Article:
PTgui does a nice job of stitching a flat nadir view into a panorama using viewpoint correction, provided the surface is fairly flat. Aircraft cockpits seldom have a flat deck and represent a special challenge. In fact, a tripod will not fit in many cockpits - there are few good resting spots for the three legs.
Others may be interested in the technique being developed by the author. A Manfrotto SuperClamp can be adapted with a 3/8 stud to support a Nikon D800/16mm f2.8/NN RS-2 ring mount, shown in View A in a helicopter cabin. For the nadir shot, a Manfrotto SuperClamp/Magic Arm/Camera Plate is independently attached between the mounting tube and the camera, shown in View B. Finally the quick release on the 16mm lens ring is loosened so the NN RS-2 and its clamp can be removed, leaving the camera suspended and looking down with an unobstructed nadir view, show in View C.
In this situation, taken at the same no parallax point (NPP), the nadir shots are treated like any other and will stitch on the first pass without viewpoint correction. The finished panorama looks like this:
Careful handling of the camera, firm mounting and a skillful transition are important if objects are very close. Note the stitch error on the tube just below the NPP. The clamp rotated a small amount during the switch between mounts. With the tube only about 30cm from the NPP, the image is particularly sensitive to parallax. The cabin floor shows no error, as it is farther away. Another cockpit panorama made in this way except that a tripod fit the floor for all images except the nadir:
Note the stitch error on the tube just below the NPP. The clamp rotated a small amount during the switch between mounts. With the tube only about 30cm from the NPP, the image is particularly sensitive to parallax. The cabin floor shows no error, as it is farther away.
Stitching errors are not unexpected at such close quarters but can usually be corrected in Photoshop without too much trouble. This one is relatively easy and is worth doing. See http://ge.tt/8VXWdCh1/v/0?c .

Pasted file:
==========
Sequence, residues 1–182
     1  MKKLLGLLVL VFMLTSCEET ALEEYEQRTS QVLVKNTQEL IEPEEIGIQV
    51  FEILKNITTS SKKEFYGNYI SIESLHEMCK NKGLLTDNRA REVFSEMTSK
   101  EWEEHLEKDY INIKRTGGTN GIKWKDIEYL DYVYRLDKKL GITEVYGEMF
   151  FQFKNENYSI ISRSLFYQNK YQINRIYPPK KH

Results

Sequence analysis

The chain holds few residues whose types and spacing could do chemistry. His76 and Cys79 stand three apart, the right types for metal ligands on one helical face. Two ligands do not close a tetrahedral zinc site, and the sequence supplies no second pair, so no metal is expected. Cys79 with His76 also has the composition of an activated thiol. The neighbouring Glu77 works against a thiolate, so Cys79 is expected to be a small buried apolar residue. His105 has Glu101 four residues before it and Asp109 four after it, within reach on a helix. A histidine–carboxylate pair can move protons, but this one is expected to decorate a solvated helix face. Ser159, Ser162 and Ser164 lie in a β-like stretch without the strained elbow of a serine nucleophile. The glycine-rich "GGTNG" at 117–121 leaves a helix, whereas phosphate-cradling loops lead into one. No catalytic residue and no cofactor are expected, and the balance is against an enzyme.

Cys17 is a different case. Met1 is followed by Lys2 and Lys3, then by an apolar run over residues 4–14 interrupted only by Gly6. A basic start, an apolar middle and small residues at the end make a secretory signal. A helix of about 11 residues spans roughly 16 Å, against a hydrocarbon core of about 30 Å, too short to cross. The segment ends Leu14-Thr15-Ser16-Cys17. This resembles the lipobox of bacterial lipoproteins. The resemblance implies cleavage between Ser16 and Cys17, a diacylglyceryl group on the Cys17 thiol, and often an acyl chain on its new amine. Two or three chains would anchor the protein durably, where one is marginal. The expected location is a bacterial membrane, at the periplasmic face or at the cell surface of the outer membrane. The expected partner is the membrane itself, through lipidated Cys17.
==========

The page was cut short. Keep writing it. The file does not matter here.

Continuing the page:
John, I was obliged to work from a screen capture of the nadir area of the displayed panorama. You would need to extract a nadir view from the equirectangular image. You can do this is various ways: e.g. the patch tool in Pano2VR, or generate cube faces with Pano2QTVR or use PTGui (http://www.johnhpanos.com/patch_view.pdf). For convenience, I rotated the view to make the bar horizontal. The basic editing sequence then went something like this:
Just completed another panorama using the same technique. In this case a tripod could be used by removing the pilot's seat cushion and placing two of the legs in the bucket seat and one against the bottom of the control column. After the separate clamps were added to suspend the camera in the nadir position, the Nodal Ninja head was disassembled, the tripod removed, and the seat cushion replaced for the nadir shot:
(However don't bump the pilot's harnesses in the process or you will end up with a stitching error that needs to be fixed... as can be seen.)
The image features a very wide depth of field, accompanied by seven stops of exposure-fused bracketing, and hidden battery-powered LED lamps for areas in the the shadows such as the rudder pedals. Another panorama in the nose of the aircraft was made in the same way:
Two recent examples of this technique... suspending the camera from the aircraft canopy on interior structure, and removing the tripod for the nadir shot. How nice to have the nadir image stitch like the others, without viewpoint correction: